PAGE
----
Growth in the number of available houses should be positive for buyers who have stayed on the sidelines due to the lack of options in the market.

Mixed signals from retailers: Retailers last week posted a mixed bag of earnings results, but that may not be indicative of overall consumer health. Instead, the gap widens between retailers that are adapting to rapid shifts in the industry and those that aren’t. Case in point: Kohl’s earnings were lower than expected and the retailer reduced its profit guidance, while Target handily exceeded earnings expectations and raised its profit outlook for the year. In other words, the consumer is strong, but their spending behaviors are shifting.

Target CEO Brian Cornell summed up the lay of the land for retail saying, “If we turn to the overall retail environment, we’re seeing a very consistent and healthy environment across the U.S.,” he said. “I think what we’re seeing right now is the bifurcation of winners and losers, and I think our performance now speaks for itself.”

“The consumer is alive and well,” said Richard McPhail, chief financial officer at Home Depot, which reported a 3.5 percent rise in sales for recent quarter.

Business activity perks up: The IHS Markit Manufacturing Purchasing Managers’ Index rose to 52.2 in November, up from 51.3 in October (anything above 50 indicates expansion), which is the sharpest acceleration since April. It’s a sign that, as trade fears fade a bit, the economy looks to emerge from a rough patch that persisted for much of 2019. The data aligns with our expectations that, as 2019 ends and uncertainty diminishes, investors will once again focus on the fundamentals underlying the economy rather than headline fears. We believe there’s time left in the current economic cycle, and that growth will likely accelerate as we push into 2020.

THE WEEK AHEAD

Another consumer health check-up: This week, we’ll be digging into data about consumer confidence, income and spending. As we’ve said before, U.S. consumers are taking center stage right now as they have been picking up the slack for other parts of the economy that are slowing down due to trade uncertainties. Fortunately, consumers have continued to spend while fortifying their balance sheets and keeping debt manageable. We expect they’ll continue to be a bright spot as data comes out this week.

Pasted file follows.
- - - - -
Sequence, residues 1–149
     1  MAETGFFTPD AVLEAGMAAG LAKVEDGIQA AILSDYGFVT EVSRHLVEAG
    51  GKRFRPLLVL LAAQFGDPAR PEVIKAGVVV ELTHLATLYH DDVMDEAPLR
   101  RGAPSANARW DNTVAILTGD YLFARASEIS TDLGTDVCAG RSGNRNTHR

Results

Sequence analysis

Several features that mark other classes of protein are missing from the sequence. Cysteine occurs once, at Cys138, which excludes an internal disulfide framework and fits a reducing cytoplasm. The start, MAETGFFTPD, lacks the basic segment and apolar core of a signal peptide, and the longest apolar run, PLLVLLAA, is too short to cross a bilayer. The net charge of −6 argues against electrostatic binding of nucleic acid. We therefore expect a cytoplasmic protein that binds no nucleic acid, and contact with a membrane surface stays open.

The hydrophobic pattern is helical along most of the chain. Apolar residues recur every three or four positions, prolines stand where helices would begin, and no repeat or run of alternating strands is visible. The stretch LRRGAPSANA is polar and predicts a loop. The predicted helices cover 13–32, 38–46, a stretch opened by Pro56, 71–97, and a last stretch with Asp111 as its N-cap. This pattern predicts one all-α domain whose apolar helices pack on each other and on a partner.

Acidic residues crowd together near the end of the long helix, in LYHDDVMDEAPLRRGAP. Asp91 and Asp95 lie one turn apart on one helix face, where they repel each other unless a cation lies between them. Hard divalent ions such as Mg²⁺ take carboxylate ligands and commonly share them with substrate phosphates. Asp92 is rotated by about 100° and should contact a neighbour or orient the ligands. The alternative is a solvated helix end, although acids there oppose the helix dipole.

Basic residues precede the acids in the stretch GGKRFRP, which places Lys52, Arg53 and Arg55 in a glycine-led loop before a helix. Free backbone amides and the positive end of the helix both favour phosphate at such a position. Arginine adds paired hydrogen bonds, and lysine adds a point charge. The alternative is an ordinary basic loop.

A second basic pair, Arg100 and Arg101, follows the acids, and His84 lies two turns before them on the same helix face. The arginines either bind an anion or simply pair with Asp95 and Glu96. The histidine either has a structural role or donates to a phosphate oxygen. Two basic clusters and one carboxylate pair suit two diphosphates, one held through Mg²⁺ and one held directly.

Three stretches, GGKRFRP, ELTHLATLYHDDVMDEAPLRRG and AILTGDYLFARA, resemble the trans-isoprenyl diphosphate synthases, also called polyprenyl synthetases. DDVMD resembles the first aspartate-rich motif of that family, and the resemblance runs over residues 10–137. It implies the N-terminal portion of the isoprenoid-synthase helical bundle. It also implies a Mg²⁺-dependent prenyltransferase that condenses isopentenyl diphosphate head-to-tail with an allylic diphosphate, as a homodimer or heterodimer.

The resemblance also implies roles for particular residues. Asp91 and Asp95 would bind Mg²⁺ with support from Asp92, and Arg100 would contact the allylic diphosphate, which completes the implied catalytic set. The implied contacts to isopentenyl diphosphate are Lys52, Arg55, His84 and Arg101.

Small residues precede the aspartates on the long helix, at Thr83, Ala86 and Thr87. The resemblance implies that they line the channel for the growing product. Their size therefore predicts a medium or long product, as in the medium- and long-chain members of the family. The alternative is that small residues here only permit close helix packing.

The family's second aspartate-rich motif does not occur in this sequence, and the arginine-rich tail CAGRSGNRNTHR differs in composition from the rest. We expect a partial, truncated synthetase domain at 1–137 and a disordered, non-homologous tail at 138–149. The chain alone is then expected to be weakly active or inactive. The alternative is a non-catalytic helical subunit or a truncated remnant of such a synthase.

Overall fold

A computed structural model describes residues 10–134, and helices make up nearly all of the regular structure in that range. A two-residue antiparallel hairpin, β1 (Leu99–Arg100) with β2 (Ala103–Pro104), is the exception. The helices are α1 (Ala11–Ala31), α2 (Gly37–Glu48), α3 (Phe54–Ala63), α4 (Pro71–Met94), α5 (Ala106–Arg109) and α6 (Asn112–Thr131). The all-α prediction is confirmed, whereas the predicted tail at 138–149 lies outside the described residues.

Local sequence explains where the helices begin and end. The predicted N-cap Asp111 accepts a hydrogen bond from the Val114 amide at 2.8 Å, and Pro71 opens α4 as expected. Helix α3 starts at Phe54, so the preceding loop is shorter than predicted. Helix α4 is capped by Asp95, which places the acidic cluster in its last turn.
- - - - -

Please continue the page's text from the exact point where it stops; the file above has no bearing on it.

Any recovery in durable goods? Orders for durable goods (those big-ticket items such as appliances, electronics and medical equipment) declined 1.1 percent in September, which at the time was the largest decline since May. Manufacturers have struggled this year, contending with a global slowdown and tariffs. This week, good news on this front could provide a lift for markets as optimism has been muted for the manufacturing sector this year.

Deeper insights from the Fed: This week we’ll also get the Chicago Fed’s national activity index and the Beige book, which are both broader looks at the economy and inflationary pressures. We’ll be looking for any interesting, real-world anecdotes from Fed officials about the state of business in the U.S.

Commentary is written to give you an overview of recent market and economic conditions, but it is only our opinion at a point in time and shouldn’t be used as a source to make investment decisions or to try to predict future market performance. To learn more, click here.